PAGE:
Friday, November 5, 2010

Acting Choices

Acting choices are the ways you have chosen to act your part. For example, the way you walk and talk as the character are acting choices. Great choices are those that are most viable for the role and are most creative and unique. To get better at making acting choices, spend more time studying the script and using your imagination to create the physical character so it is apt for the playwright's concept and unique to your portrayal.

Creating the physical character is the truly creative art of acting. The playwright has already created the emotional character. Sometimes the playwright also specifies certain physical characteristics of the characters. You use those and add your own twist on them to make your performance unique. But you always remain true to the playwright's concept of the role. That you do not meddle with. For example, I once saw a play in which one of the principle roles was changed from male to female, which, according to the director of this production, allowed her(the director) to make the play a statement about feminism. Problem was that both the character and the message of the play as presented by this production was not anything like the playwright's intent. Bad creative choices.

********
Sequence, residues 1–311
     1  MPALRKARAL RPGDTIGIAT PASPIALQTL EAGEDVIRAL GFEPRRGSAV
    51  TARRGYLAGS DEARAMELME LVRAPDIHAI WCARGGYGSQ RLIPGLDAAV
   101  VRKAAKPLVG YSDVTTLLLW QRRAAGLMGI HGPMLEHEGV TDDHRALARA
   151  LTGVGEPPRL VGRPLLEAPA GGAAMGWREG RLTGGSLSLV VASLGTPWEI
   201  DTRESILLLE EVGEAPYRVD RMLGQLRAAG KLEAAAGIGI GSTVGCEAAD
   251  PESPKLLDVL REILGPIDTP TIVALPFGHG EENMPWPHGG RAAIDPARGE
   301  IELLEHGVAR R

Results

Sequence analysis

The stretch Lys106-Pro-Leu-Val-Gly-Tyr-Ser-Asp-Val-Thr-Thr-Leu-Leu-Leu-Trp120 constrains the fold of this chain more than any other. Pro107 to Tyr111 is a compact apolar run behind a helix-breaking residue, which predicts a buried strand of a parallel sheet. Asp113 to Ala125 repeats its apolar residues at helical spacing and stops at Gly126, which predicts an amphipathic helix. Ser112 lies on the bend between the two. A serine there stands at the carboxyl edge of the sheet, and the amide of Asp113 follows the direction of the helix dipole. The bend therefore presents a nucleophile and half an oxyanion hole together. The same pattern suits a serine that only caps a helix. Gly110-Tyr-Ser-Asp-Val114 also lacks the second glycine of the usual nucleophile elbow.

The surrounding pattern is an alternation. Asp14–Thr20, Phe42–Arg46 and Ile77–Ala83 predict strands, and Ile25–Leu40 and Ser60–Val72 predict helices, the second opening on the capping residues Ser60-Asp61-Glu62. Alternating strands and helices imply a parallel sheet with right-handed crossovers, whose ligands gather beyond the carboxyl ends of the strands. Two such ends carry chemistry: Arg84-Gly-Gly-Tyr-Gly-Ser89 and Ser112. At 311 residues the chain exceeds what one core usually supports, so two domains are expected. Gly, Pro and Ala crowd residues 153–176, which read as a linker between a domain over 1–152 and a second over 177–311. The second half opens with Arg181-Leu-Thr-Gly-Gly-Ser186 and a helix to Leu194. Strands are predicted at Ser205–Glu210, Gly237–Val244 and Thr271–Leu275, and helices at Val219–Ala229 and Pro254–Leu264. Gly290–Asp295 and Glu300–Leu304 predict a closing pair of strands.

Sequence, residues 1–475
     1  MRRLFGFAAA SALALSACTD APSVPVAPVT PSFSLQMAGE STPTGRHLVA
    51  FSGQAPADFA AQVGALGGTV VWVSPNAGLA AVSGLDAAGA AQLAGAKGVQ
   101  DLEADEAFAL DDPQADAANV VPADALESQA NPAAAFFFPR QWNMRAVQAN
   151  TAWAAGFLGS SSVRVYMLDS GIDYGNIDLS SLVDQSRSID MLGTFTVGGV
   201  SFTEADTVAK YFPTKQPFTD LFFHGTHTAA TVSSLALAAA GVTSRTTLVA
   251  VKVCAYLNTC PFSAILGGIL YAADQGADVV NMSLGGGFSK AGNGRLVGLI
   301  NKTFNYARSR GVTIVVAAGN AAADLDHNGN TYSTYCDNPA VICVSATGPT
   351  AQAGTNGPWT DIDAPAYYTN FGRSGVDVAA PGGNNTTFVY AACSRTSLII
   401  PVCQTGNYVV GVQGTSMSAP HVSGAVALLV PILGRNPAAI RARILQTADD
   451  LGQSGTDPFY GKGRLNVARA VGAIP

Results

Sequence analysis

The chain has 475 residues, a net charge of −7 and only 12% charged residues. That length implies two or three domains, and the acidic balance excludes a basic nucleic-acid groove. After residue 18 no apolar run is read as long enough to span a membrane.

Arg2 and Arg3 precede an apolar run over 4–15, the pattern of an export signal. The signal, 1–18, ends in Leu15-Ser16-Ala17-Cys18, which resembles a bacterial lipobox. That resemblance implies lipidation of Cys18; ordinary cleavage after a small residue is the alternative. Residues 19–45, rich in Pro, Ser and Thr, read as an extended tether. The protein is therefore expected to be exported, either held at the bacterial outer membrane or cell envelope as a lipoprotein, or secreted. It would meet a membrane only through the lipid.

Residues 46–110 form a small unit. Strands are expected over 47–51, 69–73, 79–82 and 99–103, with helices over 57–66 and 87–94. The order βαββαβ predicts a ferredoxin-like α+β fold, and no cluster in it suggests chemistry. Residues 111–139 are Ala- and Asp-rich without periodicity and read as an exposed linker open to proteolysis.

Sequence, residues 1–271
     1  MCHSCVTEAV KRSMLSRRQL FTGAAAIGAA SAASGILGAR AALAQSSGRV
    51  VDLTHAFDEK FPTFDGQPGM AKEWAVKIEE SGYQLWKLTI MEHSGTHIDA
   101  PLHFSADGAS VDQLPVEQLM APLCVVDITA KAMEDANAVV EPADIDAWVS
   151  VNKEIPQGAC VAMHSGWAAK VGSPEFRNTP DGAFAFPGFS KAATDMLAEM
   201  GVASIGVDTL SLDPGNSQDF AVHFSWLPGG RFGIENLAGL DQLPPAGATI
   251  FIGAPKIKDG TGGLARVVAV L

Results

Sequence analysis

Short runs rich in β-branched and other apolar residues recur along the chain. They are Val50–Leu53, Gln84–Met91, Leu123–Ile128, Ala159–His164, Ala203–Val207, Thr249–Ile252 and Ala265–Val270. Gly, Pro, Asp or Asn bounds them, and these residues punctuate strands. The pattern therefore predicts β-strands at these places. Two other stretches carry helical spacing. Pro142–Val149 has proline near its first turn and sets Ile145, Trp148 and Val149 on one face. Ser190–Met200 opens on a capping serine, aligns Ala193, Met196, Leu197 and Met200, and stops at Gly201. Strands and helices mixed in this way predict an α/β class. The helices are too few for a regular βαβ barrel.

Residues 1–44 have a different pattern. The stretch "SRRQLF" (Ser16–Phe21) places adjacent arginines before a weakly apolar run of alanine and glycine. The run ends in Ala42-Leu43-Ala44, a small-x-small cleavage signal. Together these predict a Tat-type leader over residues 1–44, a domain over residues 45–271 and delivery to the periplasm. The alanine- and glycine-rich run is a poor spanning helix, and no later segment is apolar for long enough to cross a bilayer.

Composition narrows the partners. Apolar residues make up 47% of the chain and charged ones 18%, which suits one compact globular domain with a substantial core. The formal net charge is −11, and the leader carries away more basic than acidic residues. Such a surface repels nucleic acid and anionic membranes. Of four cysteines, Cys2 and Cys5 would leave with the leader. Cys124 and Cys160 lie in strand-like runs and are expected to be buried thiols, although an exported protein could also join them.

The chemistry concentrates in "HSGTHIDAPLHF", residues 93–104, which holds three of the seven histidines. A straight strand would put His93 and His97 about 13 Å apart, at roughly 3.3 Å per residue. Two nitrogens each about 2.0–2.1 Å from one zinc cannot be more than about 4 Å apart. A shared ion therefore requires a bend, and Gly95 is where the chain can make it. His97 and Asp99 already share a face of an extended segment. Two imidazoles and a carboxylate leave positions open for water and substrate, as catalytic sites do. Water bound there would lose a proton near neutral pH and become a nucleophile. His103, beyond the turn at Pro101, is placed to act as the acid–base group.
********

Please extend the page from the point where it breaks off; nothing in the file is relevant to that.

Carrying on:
The emotional character has been determined by the playwright. You don't get to make a lot of choices in this area of your performance. Most of your responses will be those that the playwright planned on. If you are a highly sensitive and well trained Ta0 actor (see Tao and the Art of Acting at my web site), some of the emotional responses you have in your performance will not have been anticipated by the playwright. That is OK as long as they do not change the intent of the play. It is you, yourself, your emotional responses that make your performance unique, vulnerable and dynamic. Excellent choices for the actor!

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